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How to Define Your Brand’s “Twitter Voice”

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Your Twitter is failing, if you don’t have a strategy and strong brand image behind it.

That’s where your Twitter voice comes in. It’s the strategy and tone that should flow easily through your entire profile. Want to know how to find yours? Read on below.

What Is a Twitter Brand?

To define what a Twitter brand is, let’s look at someone who’s rocking their own unique one. That brand…Wendy’s. The other-wise and previously non-opinionated chain makes a splash on Twitter.

No one was expecting them to “come after” other burger chains or even individual users like they do. It made a lot of people not only laugh but respect Wendy’s more.

And due to the way they conduct themselves on Twitter, we know Wendy’s doesn’t mess around with sub-par ingredients and practices.

Like the time they tweeted about using never frozen beef, unlike other big chains. A twitter user (who has since deactivated their account) tweeted them back saying that was impossible.

Wendy’s fired back a tweet saying something like “don’t blame us because you forgot refrigerators exist”.

A harmless comment in the long run, but it got the point across. We could write a whole article about Wendy’s tweets, but we’ll leave you with one more before we move on.

In a response to Bailey (@Mr._Anderson 36) tweet “@Wendy’s Where’s the beef?” The account replied:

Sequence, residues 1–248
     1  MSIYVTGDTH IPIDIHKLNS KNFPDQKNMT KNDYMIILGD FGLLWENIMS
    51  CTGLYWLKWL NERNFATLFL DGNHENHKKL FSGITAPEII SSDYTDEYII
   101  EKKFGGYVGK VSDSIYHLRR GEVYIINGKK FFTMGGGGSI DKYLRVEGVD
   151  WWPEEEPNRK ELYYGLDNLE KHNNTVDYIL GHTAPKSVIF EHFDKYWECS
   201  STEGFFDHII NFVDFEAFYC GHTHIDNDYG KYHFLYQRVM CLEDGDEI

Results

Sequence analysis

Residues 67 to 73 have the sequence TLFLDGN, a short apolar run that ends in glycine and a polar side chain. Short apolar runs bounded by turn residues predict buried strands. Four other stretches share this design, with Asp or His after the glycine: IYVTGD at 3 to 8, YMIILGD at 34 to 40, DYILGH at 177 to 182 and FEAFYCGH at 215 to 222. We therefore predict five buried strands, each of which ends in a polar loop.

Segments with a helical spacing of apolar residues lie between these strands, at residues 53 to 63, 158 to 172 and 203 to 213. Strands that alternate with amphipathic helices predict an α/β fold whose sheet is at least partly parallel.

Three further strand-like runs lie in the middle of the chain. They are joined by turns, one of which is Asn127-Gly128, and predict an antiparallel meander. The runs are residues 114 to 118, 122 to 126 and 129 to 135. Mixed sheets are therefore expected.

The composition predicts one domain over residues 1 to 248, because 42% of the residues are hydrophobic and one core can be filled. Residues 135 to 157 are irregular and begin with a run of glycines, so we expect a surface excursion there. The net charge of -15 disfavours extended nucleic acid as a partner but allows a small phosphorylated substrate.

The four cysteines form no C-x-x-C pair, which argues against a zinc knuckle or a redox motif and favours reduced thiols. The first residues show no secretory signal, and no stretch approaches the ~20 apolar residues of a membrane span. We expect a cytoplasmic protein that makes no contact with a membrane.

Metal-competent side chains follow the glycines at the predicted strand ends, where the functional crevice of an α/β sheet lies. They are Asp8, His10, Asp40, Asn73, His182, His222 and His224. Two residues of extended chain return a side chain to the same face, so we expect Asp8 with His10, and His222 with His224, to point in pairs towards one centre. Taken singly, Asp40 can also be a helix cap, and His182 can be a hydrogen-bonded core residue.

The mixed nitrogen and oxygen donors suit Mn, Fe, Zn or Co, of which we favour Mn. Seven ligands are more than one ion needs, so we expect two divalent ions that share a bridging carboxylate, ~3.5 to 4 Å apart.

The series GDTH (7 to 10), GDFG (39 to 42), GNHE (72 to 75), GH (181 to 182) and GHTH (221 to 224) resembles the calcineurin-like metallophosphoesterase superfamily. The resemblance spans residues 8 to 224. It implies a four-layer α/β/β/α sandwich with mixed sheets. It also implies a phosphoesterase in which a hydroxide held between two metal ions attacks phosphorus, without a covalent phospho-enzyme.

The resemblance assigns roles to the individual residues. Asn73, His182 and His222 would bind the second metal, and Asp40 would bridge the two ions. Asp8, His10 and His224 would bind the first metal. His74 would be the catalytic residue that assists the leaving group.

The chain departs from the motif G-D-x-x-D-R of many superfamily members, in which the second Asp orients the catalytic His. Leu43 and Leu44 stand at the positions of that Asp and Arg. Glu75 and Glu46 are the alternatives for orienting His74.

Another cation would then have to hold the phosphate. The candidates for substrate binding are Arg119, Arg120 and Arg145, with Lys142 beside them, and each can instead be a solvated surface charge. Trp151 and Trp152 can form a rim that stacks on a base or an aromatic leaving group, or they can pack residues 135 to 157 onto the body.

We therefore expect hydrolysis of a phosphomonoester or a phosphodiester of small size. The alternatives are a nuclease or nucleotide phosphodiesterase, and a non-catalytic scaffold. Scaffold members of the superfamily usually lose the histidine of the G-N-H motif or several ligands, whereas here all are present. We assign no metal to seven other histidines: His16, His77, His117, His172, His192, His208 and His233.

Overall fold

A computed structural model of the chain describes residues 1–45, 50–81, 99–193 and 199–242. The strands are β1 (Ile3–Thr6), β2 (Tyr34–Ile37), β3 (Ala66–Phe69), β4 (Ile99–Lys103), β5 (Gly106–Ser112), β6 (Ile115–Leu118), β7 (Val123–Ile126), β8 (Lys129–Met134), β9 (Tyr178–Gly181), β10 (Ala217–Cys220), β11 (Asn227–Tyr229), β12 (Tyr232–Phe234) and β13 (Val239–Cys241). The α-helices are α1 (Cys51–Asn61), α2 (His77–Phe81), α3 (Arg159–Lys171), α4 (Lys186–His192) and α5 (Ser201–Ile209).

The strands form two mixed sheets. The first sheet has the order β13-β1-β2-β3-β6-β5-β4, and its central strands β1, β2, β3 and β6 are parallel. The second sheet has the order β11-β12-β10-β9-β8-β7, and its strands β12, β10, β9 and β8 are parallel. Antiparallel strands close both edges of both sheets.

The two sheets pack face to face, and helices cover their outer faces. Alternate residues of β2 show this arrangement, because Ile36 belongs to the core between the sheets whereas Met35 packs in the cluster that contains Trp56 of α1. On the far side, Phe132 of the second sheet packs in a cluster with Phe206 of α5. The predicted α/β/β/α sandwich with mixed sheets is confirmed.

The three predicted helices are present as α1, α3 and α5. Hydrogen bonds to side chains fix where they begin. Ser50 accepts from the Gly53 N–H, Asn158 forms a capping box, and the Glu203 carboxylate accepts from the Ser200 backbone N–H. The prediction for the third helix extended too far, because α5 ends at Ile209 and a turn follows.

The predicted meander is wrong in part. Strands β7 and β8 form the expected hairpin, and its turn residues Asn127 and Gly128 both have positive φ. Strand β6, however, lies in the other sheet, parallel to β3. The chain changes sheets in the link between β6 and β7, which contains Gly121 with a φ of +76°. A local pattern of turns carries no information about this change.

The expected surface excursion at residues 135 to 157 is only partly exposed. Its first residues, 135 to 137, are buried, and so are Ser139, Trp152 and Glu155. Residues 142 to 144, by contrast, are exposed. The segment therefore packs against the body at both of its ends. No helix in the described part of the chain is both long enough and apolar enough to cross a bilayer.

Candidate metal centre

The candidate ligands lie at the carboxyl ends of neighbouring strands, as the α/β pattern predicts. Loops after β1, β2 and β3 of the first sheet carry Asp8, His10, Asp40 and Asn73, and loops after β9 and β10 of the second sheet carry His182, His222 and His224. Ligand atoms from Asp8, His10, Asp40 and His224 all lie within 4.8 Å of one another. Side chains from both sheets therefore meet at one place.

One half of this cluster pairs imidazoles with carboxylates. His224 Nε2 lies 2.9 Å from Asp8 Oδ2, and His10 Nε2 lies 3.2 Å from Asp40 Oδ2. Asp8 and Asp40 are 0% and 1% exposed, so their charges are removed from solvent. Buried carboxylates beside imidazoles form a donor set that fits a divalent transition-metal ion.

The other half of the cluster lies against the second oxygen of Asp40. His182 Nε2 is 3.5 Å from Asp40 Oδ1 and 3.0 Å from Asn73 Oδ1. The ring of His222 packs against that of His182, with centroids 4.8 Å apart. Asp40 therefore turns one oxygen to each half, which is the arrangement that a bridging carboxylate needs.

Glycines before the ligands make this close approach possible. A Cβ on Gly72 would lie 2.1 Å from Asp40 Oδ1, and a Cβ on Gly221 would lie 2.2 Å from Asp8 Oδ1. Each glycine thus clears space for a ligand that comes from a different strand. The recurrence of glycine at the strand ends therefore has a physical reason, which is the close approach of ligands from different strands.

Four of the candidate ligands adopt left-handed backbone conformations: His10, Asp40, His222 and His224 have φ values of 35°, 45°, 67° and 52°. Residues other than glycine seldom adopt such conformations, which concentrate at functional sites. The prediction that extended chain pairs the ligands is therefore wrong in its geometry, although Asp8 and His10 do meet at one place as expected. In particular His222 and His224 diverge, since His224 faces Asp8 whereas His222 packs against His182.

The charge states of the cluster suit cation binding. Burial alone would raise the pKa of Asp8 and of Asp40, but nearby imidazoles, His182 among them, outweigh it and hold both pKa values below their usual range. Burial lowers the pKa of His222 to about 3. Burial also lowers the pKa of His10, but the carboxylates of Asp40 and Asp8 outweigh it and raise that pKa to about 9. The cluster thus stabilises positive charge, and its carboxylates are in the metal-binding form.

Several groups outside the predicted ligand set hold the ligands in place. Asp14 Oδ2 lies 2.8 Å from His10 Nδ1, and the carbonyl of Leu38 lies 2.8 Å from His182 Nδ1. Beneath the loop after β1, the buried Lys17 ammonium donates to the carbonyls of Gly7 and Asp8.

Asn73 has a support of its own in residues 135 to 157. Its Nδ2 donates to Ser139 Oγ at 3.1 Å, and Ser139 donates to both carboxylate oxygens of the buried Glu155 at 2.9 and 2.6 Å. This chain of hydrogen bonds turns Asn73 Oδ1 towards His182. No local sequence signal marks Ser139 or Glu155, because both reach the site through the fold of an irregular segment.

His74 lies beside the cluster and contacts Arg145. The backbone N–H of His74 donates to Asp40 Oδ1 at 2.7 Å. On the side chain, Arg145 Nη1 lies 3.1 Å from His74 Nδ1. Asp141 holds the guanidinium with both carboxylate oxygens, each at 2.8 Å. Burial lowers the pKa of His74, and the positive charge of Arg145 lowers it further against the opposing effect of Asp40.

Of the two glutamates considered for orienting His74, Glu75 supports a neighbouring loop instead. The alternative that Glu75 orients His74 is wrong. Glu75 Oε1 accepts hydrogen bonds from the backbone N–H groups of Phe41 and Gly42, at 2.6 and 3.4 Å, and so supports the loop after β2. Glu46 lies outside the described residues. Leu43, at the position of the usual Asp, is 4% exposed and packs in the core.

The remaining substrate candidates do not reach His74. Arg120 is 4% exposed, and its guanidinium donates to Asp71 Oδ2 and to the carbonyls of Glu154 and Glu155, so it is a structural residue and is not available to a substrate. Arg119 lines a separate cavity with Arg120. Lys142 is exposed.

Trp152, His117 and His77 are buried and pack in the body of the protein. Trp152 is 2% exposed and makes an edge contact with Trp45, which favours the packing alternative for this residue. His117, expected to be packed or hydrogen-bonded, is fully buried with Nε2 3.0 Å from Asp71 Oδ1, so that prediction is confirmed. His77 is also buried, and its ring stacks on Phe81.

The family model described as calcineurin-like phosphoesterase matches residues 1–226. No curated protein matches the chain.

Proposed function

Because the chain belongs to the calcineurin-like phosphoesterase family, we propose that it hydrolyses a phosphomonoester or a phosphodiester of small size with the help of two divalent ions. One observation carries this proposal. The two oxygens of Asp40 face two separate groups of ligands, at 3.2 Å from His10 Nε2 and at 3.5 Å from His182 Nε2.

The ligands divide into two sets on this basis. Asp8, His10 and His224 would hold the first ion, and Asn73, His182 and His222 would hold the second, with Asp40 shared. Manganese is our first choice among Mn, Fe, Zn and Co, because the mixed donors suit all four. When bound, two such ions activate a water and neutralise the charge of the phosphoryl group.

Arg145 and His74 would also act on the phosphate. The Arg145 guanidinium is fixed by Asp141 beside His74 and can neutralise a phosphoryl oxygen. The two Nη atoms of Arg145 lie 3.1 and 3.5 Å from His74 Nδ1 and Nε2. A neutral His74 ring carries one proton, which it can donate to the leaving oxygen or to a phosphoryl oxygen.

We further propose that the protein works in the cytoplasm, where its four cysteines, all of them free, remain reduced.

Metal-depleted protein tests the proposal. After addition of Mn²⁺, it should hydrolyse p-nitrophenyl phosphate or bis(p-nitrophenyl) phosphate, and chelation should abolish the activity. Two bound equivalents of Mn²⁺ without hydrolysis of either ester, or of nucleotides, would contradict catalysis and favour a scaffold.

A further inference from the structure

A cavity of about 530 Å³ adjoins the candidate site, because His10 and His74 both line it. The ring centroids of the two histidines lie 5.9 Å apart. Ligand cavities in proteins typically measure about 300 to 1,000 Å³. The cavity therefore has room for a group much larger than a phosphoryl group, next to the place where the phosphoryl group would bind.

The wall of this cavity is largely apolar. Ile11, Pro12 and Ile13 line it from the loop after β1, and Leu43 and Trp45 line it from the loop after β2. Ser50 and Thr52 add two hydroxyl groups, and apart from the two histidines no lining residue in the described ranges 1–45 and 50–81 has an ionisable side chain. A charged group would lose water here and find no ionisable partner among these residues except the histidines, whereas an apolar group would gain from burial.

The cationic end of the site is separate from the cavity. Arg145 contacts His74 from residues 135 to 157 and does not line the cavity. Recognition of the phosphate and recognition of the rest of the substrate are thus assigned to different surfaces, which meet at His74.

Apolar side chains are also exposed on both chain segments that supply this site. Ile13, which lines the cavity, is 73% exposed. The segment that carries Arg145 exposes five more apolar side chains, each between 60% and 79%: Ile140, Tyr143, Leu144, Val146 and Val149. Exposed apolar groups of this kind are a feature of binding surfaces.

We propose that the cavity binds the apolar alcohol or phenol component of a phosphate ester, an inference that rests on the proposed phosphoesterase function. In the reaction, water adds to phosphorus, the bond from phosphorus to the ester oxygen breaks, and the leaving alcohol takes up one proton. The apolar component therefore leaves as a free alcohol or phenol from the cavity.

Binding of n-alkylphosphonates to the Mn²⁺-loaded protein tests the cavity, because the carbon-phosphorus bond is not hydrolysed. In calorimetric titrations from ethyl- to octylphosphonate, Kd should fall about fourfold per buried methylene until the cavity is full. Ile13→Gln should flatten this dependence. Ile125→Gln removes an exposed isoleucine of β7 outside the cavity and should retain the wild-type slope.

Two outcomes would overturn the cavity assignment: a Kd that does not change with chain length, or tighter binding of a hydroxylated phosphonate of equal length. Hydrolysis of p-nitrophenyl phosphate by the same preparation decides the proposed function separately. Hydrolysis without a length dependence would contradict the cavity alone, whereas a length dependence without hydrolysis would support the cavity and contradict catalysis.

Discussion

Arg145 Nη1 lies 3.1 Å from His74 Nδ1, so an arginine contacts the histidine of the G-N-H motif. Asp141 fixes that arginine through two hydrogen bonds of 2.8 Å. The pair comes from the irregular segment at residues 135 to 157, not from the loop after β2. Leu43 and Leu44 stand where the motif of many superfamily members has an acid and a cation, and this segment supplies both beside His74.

“@Mr_Anderson36 In our cheeseburgers and on our timeline”. In case you’re behind on the times, beef is another term for a drama or disagreement.

Not into the catty stuff? Smart Circle tweets are inspiring, instead.

Defining Your Own Twitter Voice: How to Do It

First thing first, you need to understand yourself as a brand. What’s your image? What’s your brand definition? What’s your mission? If you are or you work at a well-established business, this is probably all wrapped up in your past work.

That means the about page where your mission statement and purpose are, but also the tone in past articles and publications. Even your Instagram captions define and describe your brand.

So if you can’t write out who your brand is and describe it in three ways, do some research. That’s step one.

Step 2: Find Your Audience’s Interests

Wendy’s is lucky in that they have a pretty wide audience. They know that they’re the “one” different competitor between McDonald’s and Burger King. At least that’s how they’ve always marketed themselves.

And they know that their followers see them that way too. If they didn’t, they’d go to one of the other chains instead of Wendy’s. So it was easy for Wendy’s to know that poking fun at the other brands would go over well, as a marketing tactic.

But you may not have that clear cut of an audience and there’s no one secret to finding out what they like. Okay, there is – research and hard work. Check out your current followers and audience. Who do they follow?

Who do they retweet? What tone are those tweets? That’s where you should aim to meet them (where they already are).

Step 3 (The Final Step): Be Consistent

Wendy’s doesn’t always tweet mean things, but if you look through their Twitter, you can definitely see their attitude. You don’t have to be catty or clever all the time but sprinkle those tweets through.

You want people to expect that from you. Deliver it more than or at fifty percent of the time.

Follow these steps and you’ll find your Twitter voice. It’ll take research and practice, but you’ll come off as and be more authentic along the way.

Want to know that we practice what we preach? Follow us on Twitter.

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